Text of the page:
Monday, January 3, 2011

History of Writing and Libraries

I'm finally posting again after the holiday rush.  :)

I decided to start with a review of my LIS 604 course, which focused on the history of writing and libraries.  We spent most of our time covering libraries and books in the Western world, focusing on Europe and the United States after looking at ancient civilizations (Sumerian, Babylonian, Egyptian, Roman, Greek, etc.).  Here is a summary from my midterm.

Books used in course:  History of Libraries in the Western World by Michael H. Harris & Dahl's History of the Book by Bill Katz

One glaring omission in both books we read had to do with the Americas before Columbus.  The lack of information on writing and books from the native tribes of the Americas really bothered me.  So much so that I decided to write my final research page on the topic.  I ran out of time, so I didn't get to cover North America.  However, I did do an overview of South and Central America before Columbus.  Here is the paper.  Let's hope I did that link correctly.  I'm still learning this whole blogging thing.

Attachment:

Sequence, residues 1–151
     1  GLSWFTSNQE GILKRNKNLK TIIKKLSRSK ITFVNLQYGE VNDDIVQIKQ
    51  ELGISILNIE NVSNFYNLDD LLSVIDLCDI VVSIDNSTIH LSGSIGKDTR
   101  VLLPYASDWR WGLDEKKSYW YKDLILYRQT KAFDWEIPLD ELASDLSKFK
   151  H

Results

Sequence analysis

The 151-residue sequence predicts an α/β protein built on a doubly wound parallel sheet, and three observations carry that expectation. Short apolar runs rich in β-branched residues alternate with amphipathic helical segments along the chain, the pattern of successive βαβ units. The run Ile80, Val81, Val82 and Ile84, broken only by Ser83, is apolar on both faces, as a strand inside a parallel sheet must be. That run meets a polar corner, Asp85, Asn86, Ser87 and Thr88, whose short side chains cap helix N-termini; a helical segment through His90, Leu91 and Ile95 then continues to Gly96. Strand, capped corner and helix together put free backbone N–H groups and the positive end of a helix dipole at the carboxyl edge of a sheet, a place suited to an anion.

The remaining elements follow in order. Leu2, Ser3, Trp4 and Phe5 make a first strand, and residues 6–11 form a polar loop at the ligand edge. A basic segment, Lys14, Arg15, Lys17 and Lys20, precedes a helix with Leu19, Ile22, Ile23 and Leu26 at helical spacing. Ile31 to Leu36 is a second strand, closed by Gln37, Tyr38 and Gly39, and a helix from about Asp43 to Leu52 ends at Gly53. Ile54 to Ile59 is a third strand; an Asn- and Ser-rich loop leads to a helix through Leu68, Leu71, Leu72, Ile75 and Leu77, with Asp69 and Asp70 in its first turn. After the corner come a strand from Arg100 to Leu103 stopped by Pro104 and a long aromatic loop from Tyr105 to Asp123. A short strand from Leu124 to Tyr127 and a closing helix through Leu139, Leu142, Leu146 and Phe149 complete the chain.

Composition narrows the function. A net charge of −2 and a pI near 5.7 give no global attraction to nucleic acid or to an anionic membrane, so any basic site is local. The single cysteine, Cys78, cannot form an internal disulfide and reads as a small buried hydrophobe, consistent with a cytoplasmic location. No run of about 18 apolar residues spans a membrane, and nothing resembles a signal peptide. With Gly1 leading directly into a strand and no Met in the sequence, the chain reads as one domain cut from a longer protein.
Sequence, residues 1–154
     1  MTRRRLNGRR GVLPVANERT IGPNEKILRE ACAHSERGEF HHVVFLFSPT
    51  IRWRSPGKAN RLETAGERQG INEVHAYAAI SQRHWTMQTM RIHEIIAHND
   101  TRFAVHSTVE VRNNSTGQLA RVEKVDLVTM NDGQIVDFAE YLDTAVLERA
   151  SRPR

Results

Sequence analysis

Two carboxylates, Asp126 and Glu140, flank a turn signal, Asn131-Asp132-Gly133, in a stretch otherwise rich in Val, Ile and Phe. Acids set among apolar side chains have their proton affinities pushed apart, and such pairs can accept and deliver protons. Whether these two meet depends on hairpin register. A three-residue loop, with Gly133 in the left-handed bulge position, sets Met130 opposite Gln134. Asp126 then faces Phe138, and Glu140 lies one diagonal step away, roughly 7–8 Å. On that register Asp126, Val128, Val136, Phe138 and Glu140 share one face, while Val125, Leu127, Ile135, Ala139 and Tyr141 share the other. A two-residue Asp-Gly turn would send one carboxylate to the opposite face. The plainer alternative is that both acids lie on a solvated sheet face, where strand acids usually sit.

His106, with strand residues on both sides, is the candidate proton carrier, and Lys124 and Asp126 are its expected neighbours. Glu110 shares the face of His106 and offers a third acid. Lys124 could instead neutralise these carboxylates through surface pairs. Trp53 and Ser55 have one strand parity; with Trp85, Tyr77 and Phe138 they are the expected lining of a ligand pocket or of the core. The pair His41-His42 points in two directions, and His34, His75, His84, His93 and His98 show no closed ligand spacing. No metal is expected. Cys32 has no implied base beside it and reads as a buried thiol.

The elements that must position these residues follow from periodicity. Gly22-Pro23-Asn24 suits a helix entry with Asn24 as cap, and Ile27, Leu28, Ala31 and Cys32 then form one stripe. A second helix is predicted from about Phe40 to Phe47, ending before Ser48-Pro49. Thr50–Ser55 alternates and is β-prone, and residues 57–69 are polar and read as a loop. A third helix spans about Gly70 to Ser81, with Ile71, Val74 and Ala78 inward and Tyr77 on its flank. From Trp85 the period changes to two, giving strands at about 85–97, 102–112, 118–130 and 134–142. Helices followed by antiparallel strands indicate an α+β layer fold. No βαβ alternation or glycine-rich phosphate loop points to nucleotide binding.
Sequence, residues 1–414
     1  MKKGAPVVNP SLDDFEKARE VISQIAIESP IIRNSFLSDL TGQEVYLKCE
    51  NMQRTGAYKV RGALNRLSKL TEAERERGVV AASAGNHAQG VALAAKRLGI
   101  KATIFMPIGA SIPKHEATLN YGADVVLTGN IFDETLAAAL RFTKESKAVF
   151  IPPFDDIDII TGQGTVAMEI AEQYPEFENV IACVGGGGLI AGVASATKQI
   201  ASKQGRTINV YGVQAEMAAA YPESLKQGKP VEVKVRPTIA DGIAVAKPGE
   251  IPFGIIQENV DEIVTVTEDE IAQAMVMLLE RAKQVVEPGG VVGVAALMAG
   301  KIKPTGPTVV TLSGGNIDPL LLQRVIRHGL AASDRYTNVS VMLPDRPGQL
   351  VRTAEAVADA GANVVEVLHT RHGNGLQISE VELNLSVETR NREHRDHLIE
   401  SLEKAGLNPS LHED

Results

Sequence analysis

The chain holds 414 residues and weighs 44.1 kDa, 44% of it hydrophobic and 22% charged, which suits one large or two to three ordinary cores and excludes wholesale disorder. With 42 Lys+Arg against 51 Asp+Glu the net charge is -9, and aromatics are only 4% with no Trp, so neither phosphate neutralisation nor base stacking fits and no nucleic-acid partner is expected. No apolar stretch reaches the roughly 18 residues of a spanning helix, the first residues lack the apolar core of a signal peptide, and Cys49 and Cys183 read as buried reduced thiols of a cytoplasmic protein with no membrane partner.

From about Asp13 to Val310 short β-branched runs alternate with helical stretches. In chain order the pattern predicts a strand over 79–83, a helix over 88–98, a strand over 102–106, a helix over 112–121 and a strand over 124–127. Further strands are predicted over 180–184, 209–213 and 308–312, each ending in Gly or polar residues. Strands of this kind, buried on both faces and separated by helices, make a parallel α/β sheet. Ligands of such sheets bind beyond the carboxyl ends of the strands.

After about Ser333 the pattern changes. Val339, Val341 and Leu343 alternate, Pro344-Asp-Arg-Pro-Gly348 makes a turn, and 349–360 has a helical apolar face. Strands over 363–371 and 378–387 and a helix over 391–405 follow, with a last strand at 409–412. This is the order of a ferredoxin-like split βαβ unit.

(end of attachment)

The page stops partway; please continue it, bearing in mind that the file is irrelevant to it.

The most interesting bit, at least to me, is the part focusing on the Inca of South America.  For years it's been assumed that they did not have a writing system.  This makes them a rarity in successful civilizations.  Their use of quipas was likened to the use of abacuses/abaci in other civilizations.  However, modern research is starting to suggest the quipas may have been more, but there's nothing conclusive that I've found as of yet.

The papers I've posted are on Google Documents.  You may have to sign in to view them.

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